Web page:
Locals in our community share their top tips for making this season’s gatherings memorable and stress-free
Compiled by Anna-Rhesa Versola | Illustrations by Leah Versola Kallam
This may be the year you fill your home with guests for a rowdy New Year’s Eve bash. Or host an intimate holiday dinner party. Maybe you opt for a potluck picnic around the backyard fire pit. Whatever your style, celebrate with people you love, and perhaps incorporate some of these tips from your neighbors.
My biggest tip for the holiday season is to start or continue a tradition! My husband and I work every day from Thanksgiving until Christmas. This leaves little time to come up with new ideas every year for the holidays. On Christmas Day, it is just the two of us and the dog. This is our time to sit in front of the fire and drink hot chocolate, just relaxing after our busy season. Then, a few days later, the family all comes to our house for a traditional Christmas dinner. We keep the same menu every year: turkey, ham and all the fixings. Last year, we added a new tradition because everyone loved it so much. We all go outside, and the women pick out a geode and then the men take turns cracking it open to reveal the beautiful crystals inside. Each couple ends up with a unique specimen to take home.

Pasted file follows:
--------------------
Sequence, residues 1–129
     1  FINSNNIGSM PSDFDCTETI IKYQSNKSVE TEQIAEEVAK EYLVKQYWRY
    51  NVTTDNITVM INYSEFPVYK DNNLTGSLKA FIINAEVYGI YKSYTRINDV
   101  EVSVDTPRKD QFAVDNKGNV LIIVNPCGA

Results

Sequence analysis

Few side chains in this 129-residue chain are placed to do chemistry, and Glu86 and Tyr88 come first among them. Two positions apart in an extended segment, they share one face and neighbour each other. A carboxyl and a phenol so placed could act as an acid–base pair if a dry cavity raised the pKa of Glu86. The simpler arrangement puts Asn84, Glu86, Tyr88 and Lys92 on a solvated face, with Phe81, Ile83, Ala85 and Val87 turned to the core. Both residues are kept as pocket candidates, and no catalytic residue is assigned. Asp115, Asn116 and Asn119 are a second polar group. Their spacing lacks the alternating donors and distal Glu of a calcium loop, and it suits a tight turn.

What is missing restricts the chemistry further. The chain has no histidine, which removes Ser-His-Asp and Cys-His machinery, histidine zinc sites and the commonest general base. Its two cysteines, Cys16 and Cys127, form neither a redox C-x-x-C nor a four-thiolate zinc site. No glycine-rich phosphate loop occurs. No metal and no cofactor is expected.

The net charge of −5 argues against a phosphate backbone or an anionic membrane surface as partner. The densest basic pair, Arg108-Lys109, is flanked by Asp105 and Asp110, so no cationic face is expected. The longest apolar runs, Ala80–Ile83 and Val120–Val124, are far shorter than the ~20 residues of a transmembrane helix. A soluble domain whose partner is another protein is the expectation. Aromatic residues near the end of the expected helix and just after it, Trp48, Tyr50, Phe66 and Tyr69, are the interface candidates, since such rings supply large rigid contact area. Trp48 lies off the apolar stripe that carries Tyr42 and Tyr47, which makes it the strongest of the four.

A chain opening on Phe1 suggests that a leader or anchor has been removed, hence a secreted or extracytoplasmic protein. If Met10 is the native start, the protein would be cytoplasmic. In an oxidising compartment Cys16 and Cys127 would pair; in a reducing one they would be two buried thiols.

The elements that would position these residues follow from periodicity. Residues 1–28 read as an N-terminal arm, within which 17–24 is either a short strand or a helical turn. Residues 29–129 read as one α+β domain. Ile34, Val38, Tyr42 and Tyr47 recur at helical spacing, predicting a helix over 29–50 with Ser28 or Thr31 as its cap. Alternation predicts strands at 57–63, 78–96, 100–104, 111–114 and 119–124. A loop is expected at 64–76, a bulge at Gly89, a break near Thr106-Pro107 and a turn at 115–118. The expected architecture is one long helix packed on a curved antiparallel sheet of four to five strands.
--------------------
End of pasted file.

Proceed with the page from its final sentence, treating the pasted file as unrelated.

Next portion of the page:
– Katherine “Kitty” Mecham, owner, Liquidambar Gallery and Gifts
Holiday times are the busiest for Pittsboro Youth Theater. So, entertaining has to be simple. [My husband, Craig Witter, and I] don’t have a lot of family in the area. Our celebrations are quite small. We like a fire in the wood stove, our dogs snuggled up by the fire, good wine, simple foods and great conversation.
– Tammy Matthews, artistic director/co-founder, Pittsboro Youth Theater